“Censorship kills cinema. Sometimes a little pressure gives filmmakers more energy to fight it. But strangulate them and they will die. That’s why many Iranian filmmakers are not able to make films there now,” said the Iranian film director Mohsen Makhmalbaf at the open forum ‘Censorship in Cinema’ at the Kochi International Film Festival in India.
According to The Hindu’s reporter, Mohsen Makhmalbaf explained to the audience that the censorship prevailing in Iran should not be mistaken as contributing to the wider global acceptance of Iranian movies. Rather, Makhmalbaf attributed it to simplicity, social concepts based on which they are being made, realistic treatment, its root in poetry, the constant search to find something new. One could find the same reasons in the Indian movie ‘Pather Panchali,’ he felt.
On 17 December 2012, the first open forum of the Kochi International Film Festival had ‘Censorship in cinema’ as the topic scheduled for discussion. The lively talk, however, touched upon everything from exile and freedom of expression to actor Shweta Menon’s pregnancy, reported The Hindu.
During the open forum, Mohsen Makhmalbaf compared the government censorship process in Iran with to two blind people judging the merit of a film. “Cinema should act as a mirror that will correct society,” he said.
“Anything that makes people think
is censored in Iran”
Five years in prison
Thrown behind the bars at the age of 17 for opposing the repressive regime of the Shah, Mohsen Makhmalbaf explained that his courage to stand up to dictatorship and injustice evolved during the five years he spent in prison during which he read about 2,000 books of all hues.
The director’s son Maysam, a filmmaker himself, also took part in the open forum. “Anything that makes people think is censored in Iran,” he said.
Filmmakers first had to get the synopsis of the film approved by the censors, and then the script. Even if these got through the censors, filmmakers could be asked to replace the director or actors with someone the administration preferred, explained Maysam who stepped into film direction through his docu-fiction ‘How Samira Made the Blackboard’.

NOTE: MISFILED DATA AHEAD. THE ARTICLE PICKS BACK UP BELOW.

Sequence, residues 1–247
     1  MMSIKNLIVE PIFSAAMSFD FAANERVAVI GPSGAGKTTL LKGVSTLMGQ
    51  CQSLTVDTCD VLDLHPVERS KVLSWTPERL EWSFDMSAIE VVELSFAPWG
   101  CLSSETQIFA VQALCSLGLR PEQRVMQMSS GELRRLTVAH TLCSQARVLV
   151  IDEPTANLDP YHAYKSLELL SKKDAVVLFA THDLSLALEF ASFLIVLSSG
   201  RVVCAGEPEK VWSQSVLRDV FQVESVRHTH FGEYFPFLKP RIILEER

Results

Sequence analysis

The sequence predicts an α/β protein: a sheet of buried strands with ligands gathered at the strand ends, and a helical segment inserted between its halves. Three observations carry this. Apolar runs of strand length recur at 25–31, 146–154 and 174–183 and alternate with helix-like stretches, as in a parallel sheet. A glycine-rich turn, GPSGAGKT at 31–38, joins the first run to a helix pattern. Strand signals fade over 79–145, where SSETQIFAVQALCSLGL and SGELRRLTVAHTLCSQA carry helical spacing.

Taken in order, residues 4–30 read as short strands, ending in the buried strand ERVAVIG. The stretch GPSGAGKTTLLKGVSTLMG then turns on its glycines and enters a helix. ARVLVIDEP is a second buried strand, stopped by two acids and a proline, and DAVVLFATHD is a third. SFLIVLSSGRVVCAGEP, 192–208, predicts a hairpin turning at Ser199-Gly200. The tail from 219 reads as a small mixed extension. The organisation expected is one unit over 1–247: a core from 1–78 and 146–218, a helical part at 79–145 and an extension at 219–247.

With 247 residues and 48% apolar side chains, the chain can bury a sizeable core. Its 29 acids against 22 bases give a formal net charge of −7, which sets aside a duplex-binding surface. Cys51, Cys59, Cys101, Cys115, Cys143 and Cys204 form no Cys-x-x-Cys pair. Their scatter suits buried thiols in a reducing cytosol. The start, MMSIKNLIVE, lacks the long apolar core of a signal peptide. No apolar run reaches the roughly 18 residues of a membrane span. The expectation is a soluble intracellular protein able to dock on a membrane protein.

“There are more than 80 [cinema] theatres in Tehran alone. But, there are strict censorship laws and only three types of films are screened in Iran. The first category is made as part of the propaganda for the government. The second is typically commercial and the third category, by independent film makers, is finding it difficult to triumph given the strict censorship rules,” said Maysam.
Exiled family of filmmakers
Mohsen Makhmalbaf and his family have been forbidden from entering their native country after the Presidential elections there in 2009, which the Opposition party in Iran had alleged were rigged.
Makhmalbaf’s younger daughter Hana had also made a film called ‘Green Days’ about the protests that sparked off the Arab Spring. While the director has been living in exile in Paris, his family, who are also filmmakers, are scattered in different parts of the world. “Most Iranian filmmakers are living outside the country for fear of arrest,” Mohsen Makhmalbaf said at the discussion.
Sajeevan Anthikad, director of ‘Prabhuvinte Makkal’, said while censorship was not as bad in India, certain topics such as religion or Gandhi were holy cows and could never be touched upon. He called for an end to all government censorship. “Instead, people should develop a democratic sensibility to tolerate criticism,” he said.
The Hindu – 18 December 2012:
Cinema must hold a mirror to society, says Iranian director Makhmalbaf
He was speaking at the open forum ‘Censorship in cinema’ at the Kochi International Film Festival.
The New Indian Express – 18 December 2012:
Censorship laws make the going hard: Maysam Makhmalbaf
“There are strict censorship laws and only three types of films are screened in Iran.” By Shibu B S
The Hindu – 16 December 2012:
Censorship kills cinema, says filmmaker Makhmalbaf
“Censorship kills cinema. Sometimes a little pressure gives filmmakers more energy to fight it. But strangulate them and they will die. That’s why many Iranian filmmakers are not able to make films there now,” he said. By M. P. Praveen